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An avalanche of demands on the government



Consulting the population to prepare a budget is entirely healthy. Who can complain about a government that feels the pulse of citizens before spending?

But, there is a but. By knowing the grievances of the various groups, does the government not run the risk of wanting to satisfy them through electoralism? Doesn’t he run the risk of trying to pay a few million to certain pressure groups to obtain the votes of their members?

The question is all the more relevant since 2022 is an election year in Quebec. Voters are invited to the polls on October 3.

Unlike his predecessors, the current Minister of Finance, Eric Girard, makes public the requests of the various groups, called “briefs”. This is to his credit, since such a practice is not common in other large provinces or in Ottawa.

The exercise tells us about the avalanche of requests made to the government. This year, 317 briefs were posted on the Ministry of Finance website, three times more than when the minister decided to make them public four years ago. Progress is constant.

And according to an interlocutor well versed in the process, the publication of the requests could have prompted certain organizations to lengthen their list, for fear that their members would consider it too limited.

The applicants are heterogeneous. We find side by side the tobacco company Rothmans Benson & Hedges and the Quebec Lung Association. Or the Federation of Forest Producers and Nature Conservancy Quebec. Just like the Barreau du Québec and the Center justice et foi…

About 30 associations are among the plaintiffs, including the Trucking Association, the Book Publishers Association, the Brewers Association, the Insurance Companies Association, the Furniture Manufacturers Association, the Quebec Restoration Association, the Generic Drug Association, the Construction Association, the Technology Association, the Prosecutors Association and even the Railway Association1.

Women’s organizations are probably the most numerous. I count 27 “memoirs” in total, coming in particular from various women’s centers, such as those in Laval, Longueuil, Verdun, Forestville, the Matapédia valley, La Mitis… There is also Entre-Femmes de Rouyn -Noranda and Africa in the feminine.

Looking more closely, we realize that their requests are not directly related to the fate of women. Their demands, in consultation with other non-gendered groups, are exactly the same, namely the taxation of the wealth of the richest 1%, which would allow, according to them, to redistribute 4 billion dollars. Their letters are a summary of the brief of the Coalition Main rouge, a left-wing group supported in particular by the CSN.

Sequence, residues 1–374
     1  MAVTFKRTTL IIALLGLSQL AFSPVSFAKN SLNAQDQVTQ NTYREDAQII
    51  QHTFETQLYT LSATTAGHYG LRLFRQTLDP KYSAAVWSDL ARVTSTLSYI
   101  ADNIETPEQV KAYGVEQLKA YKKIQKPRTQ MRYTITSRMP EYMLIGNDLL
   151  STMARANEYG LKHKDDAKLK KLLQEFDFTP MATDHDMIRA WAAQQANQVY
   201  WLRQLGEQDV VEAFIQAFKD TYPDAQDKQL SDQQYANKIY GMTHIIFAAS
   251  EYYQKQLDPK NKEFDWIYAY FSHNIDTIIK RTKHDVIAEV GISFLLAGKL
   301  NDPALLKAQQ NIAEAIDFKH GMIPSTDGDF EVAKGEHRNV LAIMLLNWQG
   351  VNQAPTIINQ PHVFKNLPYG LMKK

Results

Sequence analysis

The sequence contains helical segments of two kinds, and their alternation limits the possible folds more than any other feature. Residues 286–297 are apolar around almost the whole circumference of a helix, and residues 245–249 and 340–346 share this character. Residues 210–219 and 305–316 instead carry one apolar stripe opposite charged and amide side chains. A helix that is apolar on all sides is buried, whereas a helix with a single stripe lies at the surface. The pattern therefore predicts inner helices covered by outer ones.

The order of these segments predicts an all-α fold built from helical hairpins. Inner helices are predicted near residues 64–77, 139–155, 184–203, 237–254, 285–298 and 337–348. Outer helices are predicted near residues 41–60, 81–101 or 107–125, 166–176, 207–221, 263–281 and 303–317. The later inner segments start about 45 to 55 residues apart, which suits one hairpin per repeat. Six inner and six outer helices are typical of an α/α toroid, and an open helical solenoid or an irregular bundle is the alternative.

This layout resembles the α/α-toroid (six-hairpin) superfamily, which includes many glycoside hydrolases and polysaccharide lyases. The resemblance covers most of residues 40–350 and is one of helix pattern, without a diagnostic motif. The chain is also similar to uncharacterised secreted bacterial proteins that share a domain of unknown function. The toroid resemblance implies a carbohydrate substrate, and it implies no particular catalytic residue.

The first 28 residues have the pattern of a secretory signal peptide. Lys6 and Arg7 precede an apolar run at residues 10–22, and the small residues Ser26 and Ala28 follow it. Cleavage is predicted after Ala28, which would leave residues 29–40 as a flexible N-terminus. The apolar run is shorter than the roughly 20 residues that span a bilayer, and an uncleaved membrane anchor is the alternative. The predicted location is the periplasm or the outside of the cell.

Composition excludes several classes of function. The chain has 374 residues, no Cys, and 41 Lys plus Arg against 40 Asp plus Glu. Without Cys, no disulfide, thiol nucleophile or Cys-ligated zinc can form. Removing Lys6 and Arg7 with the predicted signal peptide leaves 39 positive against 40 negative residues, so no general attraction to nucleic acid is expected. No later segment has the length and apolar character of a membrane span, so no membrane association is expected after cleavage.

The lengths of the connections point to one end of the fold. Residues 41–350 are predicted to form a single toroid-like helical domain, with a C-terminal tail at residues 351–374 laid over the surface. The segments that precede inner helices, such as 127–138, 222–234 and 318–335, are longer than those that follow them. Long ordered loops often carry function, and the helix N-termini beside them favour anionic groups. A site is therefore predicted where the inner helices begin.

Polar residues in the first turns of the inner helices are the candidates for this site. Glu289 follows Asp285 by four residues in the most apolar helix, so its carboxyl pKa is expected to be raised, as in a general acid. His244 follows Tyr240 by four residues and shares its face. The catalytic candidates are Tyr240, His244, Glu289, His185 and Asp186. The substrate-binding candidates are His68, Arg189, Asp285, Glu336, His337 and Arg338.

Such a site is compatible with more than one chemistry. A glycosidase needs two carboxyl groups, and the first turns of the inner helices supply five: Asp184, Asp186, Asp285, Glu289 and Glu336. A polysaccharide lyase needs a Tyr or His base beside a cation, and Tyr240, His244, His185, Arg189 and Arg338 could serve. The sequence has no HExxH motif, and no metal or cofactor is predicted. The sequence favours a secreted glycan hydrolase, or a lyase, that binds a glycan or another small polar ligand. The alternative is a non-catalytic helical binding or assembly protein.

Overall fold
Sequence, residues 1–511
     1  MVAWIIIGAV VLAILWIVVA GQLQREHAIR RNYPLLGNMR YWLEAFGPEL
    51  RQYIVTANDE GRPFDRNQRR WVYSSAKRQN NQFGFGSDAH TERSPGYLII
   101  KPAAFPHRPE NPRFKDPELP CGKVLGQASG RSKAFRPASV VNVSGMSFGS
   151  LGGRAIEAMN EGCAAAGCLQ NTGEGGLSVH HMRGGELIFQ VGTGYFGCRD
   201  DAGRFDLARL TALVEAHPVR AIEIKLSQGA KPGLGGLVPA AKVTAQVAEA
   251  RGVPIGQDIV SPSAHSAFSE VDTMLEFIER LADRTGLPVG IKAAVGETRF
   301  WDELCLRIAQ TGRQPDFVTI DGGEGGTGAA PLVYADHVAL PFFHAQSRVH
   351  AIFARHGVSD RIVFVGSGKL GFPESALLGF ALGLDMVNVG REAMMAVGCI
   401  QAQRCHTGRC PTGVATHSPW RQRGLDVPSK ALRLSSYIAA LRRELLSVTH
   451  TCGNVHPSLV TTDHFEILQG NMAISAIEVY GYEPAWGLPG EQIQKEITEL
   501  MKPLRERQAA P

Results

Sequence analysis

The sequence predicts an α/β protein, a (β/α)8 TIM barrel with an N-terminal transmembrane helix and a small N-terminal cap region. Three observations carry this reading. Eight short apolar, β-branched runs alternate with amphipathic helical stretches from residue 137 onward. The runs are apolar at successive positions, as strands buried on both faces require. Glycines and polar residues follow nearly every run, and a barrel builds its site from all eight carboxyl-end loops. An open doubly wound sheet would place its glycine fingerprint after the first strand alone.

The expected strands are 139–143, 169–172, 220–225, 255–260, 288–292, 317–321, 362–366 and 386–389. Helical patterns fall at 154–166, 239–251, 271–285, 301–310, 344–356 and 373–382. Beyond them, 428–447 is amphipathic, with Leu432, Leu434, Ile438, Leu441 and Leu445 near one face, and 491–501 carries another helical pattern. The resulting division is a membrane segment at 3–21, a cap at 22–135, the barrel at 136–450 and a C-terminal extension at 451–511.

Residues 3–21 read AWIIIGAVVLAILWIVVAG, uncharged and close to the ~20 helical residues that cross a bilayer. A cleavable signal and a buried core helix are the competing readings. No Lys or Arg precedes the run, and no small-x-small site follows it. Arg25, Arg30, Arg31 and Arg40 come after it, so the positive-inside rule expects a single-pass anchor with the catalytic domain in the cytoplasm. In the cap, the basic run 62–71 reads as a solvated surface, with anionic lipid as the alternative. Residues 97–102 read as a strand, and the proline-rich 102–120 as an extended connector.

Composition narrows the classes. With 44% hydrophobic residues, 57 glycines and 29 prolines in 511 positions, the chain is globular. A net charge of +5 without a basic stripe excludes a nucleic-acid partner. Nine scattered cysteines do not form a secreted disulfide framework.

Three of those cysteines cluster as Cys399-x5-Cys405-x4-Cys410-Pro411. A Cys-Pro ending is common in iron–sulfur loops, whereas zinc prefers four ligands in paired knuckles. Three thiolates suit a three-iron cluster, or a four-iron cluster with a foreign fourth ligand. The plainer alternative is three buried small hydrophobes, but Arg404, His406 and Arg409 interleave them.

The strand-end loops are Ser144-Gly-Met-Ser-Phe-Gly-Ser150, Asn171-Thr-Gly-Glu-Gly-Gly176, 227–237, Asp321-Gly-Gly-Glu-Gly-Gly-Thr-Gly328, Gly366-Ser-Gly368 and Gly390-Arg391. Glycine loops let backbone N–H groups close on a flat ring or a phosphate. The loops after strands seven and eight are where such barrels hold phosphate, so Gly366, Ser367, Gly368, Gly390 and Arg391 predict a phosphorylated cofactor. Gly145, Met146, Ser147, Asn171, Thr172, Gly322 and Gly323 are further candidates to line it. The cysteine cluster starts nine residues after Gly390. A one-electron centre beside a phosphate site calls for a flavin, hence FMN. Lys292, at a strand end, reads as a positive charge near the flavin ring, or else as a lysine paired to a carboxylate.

The many trade union briefs, on the other hand, insist that the government strengthen social programs and avoid austerity. The Conseil du patronat du Québec, for its part, is asking for an increase in wealth and productivity, which is presented as a solution to counter the labor shortage.

On the list, there are also large companies, such as the cable company Cogeco, the pharmaceutical company Merck Canada, the mining company Agnico Eagle, Promutuel Insurance and the Festival international de jazz de Montréal (owned by Groupe CH), among others.

Among the applicants are also eight cities, including the largest (Montreal, Quebec, Laval, Longueuil, Gatineau, Lévis). There are also, of course, universities, CEGEPs and environmental groups.

In short, there’s something for everyone.

Which brings me back to my original question: isn’t the process likely to encourage clientelism, the sprinkling of funds to crystallize votes?

In economics, this sprinkling can be explained by what is called the political market. In principle, politicians are well-intentioned, but in practice they might have an interest in making electorally profitable decisions, the benefits of which are concentrated (on certain groups), but the costs diffuse (coming to the whole population).

An example ? The 10,000 members of a group will be happy with a grant of 20 million, which would each bring them the equivalent of $2,000. What a good political party!

On the other hand, the 6.8 million taxpayers will not complain, since the measure will only cost them $3 per person, on average. Concentrated benefits, diffuse costs. By multiplying these kinds of decisions, a party can consolidate its vote, with little political consequences.

That said, the decision makers of course have sincere motives. And many organizations have briefs that target much more than just their members.

This year, among the 317 briefs, there are two major groups strongly affected by the pandemic who raise their hands, namely the community and cultural sectors.

The cultural community is asking in particular for a relaxation of tax rules to encourage patrons to make donations. As for the community organizations, they deplore their great lack of funding and its effects on the recruitment of personnel, in this period of severe labor shortage.

The action of certain community organizations is critical and often remedies the failings of the State. Isn’t it essential to take this into account in the distribution of funds?

1. Association names have been abbreviated. To find out the exact names, consult the website of the Ministère des Finances.

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